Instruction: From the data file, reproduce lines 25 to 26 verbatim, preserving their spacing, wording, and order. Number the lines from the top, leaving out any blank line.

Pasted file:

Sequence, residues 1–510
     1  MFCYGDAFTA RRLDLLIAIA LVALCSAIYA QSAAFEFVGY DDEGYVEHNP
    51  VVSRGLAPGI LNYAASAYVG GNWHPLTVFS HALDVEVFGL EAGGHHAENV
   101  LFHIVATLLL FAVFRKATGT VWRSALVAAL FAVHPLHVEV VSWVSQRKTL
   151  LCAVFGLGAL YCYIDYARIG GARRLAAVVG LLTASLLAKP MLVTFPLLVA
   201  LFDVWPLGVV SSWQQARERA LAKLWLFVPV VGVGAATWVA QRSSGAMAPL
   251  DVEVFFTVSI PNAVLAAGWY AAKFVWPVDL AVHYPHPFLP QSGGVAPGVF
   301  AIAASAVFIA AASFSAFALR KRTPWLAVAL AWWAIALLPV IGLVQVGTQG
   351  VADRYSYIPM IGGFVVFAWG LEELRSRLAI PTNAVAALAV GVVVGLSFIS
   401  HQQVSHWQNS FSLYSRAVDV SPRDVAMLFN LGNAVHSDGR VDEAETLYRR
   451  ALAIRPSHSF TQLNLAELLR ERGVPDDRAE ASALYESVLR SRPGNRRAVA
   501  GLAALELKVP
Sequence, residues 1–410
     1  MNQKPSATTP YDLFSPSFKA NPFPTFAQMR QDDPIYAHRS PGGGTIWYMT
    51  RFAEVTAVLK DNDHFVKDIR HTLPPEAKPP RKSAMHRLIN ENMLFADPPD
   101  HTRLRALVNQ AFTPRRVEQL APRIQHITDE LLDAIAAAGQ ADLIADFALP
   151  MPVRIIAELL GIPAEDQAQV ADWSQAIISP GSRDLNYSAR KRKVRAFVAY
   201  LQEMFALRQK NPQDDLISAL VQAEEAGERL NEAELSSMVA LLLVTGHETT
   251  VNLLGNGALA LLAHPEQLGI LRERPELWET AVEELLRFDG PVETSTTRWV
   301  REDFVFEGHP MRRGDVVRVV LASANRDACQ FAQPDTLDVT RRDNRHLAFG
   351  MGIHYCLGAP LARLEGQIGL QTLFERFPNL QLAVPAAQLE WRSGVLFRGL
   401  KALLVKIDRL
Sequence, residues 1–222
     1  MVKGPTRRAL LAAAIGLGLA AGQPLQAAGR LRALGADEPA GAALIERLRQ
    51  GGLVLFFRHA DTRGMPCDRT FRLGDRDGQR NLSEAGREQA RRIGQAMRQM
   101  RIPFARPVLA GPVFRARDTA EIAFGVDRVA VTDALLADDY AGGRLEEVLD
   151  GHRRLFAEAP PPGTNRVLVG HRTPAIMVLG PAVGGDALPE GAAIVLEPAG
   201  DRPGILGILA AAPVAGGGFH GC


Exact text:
    51  GGLVLFFRHA DTRGMPCDRT FRLGDRDGQR NLSEAGREQA RRIGQAMRQM
   101  RIPFARPVLA GPVFRARDTA EIAFGVDRVA VTDALLADDY AGGRLEEVLD